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PostPosted: Thu Mar 17, 2011 11:39 pm 
Went out yesterday evening, cloudy day really by the lake and took a series of shots, then used a program to stitch them together

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PostPosted: Fri Mar 18, 2011 9:47 am 
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Joined: Tue Jul 13, 2010 8:47 pm
Posts: 202
Location: Osijek
well i think your image is underexposed, wrong white balance, and way to wide, maybe you could try the same thing with dialing a bit of +EV and taking max 3 shots for a pano.

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PostPosted: Fri Mar 18, 2011 11:31 am 
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Underexposed - yes

Too wide - not necessarily? Maybe syndicate1 was after a wide sweep

3 shots max - not necessarily good advice. You can stitch as many shots together as you like. It's better to:

not use too wide a wide angle - this results in more distortion, which make for a more difficult stitch

keep your horizon level and then crop if required - not keeping you horizon level, i.e. pitching the camera and lens down or up, can result in a wavy horizon as you see here

switch to manual focussing and manual white balance. That way you have consistency in the exposures throughout the stitch, and edit later.

It's best to visualise the view you want to stitch, take a meter reading of the brightest part of the panorama, switch the camera to full manual and dial in the shutter speed that exposes the brightest points best, and then take the shots.

1/3rd overlap between shots is a good guide, but again it depends on focal length - the longer the focal length, the less overlap is required.


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PostPosted: Fri Mar 18, 2011 11:49 am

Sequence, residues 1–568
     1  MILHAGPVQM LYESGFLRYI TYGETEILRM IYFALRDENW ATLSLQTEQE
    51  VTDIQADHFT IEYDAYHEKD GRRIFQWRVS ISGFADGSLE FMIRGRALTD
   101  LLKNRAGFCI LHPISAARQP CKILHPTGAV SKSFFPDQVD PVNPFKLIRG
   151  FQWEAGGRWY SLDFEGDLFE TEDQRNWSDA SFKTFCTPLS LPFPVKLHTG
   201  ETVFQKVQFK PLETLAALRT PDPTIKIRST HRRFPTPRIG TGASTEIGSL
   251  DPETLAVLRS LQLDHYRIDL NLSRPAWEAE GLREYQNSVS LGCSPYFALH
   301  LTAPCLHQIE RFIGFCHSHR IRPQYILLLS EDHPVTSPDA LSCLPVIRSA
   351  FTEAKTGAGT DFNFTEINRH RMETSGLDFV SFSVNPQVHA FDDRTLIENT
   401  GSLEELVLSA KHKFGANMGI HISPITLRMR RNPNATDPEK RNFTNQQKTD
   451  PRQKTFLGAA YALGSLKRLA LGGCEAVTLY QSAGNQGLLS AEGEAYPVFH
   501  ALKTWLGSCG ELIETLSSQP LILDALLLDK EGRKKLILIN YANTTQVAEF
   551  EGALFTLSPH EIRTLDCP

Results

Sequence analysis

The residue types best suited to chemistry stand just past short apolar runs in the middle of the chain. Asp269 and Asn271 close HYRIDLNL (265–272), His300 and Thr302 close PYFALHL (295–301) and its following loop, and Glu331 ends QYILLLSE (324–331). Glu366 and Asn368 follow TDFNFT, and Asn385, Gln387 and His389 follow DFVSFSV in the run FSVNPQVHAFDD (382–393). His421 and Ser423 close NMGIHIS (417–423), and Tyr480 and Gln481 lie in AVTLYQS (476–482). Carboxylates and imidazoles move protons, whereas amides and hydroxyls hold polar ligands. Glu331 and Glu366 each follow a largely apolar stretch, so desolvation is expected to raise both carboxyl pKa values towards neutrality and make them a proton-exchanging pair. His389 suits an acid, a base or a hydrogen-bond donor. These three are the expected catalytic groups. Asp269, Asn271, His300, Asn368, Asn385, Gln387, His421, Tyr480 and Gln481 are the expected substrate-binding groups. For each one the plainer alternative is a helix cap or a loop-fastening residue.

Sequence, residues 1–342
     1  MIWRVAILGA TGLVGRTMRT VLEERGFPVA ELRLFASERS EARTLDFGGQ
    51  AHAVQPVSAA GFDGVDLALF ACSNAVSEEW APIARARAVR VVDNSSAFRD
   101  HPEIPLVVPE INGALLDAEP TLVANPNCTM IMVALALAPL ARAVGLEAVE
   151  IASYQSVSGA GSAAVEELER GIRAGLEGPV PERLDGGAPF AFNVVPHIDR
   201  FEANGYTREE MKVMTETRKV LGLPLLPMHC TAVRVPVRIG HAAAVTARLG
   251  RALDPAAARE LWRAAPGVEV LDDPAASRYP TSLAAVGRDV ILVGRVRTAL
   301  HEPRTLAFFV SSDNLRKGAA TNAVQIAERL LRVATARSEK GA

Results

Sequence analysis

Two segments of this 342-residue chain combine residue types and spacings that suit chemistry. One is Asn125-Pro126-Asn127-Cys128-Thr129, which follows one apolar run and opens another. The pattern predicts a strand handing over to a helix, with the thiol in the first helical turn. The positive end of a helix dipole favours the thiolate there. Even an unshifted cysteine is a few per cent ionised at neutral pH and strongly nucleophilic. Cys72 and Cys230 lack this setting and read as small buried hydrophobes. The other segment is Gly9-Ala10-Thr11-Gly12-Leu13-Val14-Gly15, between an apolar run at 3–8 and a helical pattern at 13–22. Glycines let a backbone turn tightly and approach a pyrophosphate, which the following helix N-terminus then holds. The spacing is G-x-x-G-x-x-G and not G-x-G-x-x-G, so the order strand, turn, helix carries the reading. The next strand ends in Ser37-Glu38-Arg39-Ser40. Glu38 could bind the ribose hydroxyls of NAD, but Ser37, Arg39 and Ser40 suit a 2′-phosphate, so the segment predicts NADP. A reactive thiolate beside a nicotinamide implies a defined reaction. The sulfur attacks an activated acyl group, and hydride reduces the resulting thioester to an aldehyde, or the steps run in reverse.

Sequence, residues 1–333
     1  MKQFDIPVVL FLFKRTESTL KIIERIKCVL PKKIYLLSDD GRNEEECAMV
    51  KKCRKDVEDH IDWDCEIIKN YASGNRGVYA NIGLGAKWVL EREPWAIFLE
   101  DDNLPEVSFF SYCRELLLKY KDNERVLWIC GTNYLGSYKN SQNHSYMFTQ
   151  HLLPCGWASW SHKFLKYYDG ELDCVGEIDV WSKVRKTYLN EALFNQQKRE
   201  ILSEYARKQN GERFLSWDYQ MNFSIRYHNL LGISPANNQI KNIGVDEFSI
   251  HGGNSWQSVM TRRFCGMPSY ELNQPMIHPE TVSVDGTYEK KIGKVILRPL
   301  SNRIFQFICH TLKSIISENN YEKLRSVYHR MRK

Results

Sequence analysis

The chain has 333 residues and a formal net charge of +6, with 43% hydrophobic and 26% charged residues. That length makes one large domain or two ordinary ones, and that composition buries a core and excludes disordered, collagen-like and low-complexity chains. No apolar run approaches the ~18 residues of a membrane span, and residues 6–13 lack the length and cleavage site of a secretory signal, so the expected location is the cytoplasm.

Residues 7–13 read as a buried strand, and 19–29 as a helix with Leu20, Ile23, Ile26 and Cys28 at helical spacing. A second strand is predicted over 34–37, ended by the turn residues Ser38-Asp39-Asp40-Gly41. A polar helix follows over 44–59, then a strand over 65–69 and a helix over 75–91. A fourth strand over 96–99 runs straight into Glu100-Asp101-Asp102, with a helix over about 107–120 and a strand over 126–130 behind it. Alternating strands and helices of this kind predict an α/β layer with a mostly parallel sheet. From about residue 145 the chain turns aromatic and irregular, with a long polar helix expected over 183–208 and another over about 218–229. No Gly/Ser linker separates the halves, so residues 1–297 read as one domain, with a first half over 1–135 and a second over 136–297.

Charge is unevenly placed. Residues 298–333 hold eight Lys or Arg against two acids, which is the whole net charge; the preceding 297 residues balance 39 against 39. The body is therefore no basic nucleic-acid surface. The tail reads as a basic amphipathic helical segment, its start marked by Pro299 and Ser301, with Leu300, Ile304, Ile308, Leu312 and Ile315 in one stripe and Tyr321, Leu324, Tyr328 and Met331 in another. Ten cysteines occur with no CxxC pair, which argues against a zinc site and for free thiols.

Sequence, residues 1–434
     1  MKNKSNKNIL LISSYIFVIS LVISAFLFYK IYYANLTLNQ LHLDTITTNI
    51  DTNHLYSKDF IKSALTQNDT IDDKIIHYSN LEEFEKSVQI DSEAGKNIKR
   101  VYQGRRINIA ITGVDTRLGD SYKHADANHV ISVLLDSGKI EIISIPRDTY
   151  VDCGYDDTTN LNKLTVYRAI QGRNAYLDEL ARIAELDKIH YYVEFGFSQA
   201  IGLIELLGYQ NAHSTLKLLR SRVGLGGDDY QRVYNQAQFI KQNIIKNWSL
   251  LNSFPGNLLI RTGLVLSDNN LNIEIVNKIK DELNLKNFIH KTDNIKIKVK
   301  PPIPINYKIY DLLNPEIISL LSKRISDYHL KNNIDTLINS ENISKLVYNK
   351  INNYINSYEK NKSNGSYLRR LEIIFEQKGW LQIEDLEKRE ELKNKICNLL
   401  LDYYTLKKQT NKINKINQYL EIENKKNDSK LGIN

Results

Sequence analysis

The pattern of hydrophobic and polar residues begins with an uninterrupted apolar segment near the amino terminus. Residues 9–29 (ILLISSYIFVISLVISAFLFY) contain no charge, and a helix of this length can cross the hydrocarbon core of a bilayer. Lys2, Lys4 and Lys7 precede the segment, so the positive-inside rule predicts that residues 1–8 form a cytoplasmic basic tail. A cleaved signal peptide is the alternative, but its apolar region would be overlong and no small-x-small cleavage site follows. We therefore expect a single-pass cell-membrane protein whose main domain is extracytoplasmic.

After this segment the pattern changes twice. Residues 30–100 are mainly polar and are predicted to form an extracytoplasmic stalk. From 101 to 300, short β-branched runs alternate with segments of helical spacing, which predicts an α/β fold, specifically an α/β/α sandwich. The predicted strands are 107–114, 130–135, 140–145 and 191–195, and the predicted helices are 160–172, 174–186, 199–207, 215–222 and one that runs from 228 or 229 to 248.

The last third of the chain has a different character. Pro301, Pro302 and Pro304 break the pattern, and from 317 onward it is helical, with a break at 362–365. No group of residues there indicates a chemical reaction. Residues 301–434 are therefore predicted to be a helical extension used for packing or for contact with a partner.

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Joined: Thu Apr 02, 2009 9:03 am
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Location: Paris, London
Agree it is underexposed and seems to have the wrong white balance.

Regarding using too wide lenses, I have no isuses using 14mm lens to take panos, distortion can be corrected. Though to be fair I usually use a 14mm for 360 shots, it is too wide for this shot as most likely most of the pano woudl have been in shot already. If you want a nice large pano with lots of detail, often a tighter focal length with loads of shots is better.

I also tend to, but not always, shoot in full manual, i.e. focus, w/b, aperture (critical) and shutter speed (plus ISO). I do similar with a gigapixel head, which has the option (which I use) to display a checklist to ensure you have remembered to do everything manually.

A warning on the overlapp, if you overlapp too much it can cause stitching errors. I usually go for around 20% - 30% overlapp.

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PostPosted: Sat Mar 19, 2011 12:01 am 
I'll like to thank everyone that chipped in with a comment, I really appreciated what you had to say. I took all that and went back to the same place, 5mins from my house and took news pics this afternoon. These are the results



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NON PANORAMIC SHOT ( straight from the camera, no processing )

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